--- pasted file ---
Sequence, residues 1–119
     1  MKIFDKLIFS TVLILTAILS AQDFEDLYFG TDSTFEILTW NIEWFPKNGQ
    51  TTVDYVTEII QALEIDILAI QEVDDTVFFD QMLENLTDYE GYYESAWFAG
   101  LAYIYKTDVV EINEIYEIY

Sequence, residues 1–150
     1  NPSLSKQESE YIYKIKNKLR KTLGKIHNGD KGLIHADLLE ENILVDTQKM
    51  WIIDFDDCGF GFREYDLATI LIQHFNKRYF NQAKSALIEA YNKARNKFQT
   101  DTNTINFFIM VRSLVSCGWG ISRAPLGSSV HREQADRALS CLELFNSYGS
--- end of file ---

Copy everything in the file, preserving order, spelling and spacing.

Sequence, residues 1–119
     1  MKIFDKLIFS TVLILTAILS AQDFEDLYFG TDSTFEILTW NIEWFPKNGQ
    51  TTVDYVTEII QALEIDILAI QEVDDTVFFD QMLENLTDYE GYYESAWFAG
   101  LAYIYKTDVV EINEIYEIY

Sequence, residues 1–150
     1  NPSLSKQESE YIYKIKNKLR KTLGKIHNGD KGLIHADLLE ENILVDTQKM
    51  WIIDFDDCGF GFREYDLATI LIQHFNKRYF NQAKSALIEA YNKARNKFQT
   101  DTNTINFFIM VRSLVSCGWG ISRAPLGSSV HREQADRALS CLELFNSYGS